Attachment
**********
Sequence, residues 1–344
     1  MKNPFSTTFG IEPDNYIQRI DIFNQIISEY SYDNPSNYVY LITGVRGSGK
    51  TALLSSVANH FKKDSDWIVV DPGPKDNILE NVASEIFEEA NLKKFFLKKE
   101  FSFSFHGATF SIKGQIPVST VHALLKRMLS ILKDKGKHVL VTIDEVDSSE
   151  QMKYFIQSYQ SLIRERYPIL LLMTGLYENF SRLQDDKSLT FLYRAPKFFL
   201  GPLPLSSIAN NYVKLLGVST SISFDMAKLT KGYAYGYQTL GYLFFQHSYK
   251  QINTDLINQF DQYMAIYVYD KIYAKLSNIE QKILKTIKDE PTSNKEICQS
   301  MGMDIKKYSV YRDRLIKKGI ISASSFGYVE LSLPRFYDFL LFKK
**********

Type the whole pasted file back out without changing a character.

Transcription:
Sequence, residues 1–344
     1  MKNPFSTTFG IEPDNYIQRI DIFNQIISEY SYDNPSNYVY LITGVRGSGK
    51  TALLSSVANH FKKDSDWIVV DPGPKDNILE NVASEIFEEA NLKKFFLKKE
   101  FSFSFHGATF SIKGQIPVST VHALLKRMLS ILKDKGKHVL VTIDEVDSSE
   151  QMKYFIQSYQ SLIRERYPIL LLMTGLYENF SRLQDDKSLT FLYRAPKFFL
   201  GPLPLSSIAN NYVKLLGVST SISFDMAKLT KGYAYGYQTL GYLFFQHSYK
   251  QINTDLINQF DQYMAIYVYD KIYAKLSNIE QKILKTIKDE PTSNKEICQS
   301  MGMDIKKYSV YRDRLIKKGI ISASSFGYVE LSLPRFYDFL LFKK